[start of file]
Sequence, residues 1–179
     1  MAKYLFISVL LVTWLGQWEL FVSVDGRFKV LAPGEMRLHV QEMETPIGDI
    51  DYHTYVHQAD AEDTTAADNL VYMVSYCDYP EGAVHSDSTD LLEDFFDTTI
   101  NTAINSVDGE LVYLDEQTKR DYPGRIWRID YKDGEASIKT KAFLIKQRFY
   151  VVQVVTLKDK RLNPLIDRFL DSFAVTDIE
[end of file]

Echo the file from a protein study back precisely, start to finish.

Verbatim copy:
Sequence, residues 1–179
     1  MAKYLFISVL LVTWLGQWEL FVSVDGRFKV LAPGEMRLHV QEMETPIGDI
    51  DYHTYVHQAD AEDTTAADNL VYMVSYCDYP EGAVHSDSTD LLEDFFDTTI
   101  NTAINSVDGE LVYLDEQTKR DYPGRIWRID YKDGEASIKT KAFLIKQRFY
   151  VVQVVTLKDK RLNPLIDRFL DSFAVTDIE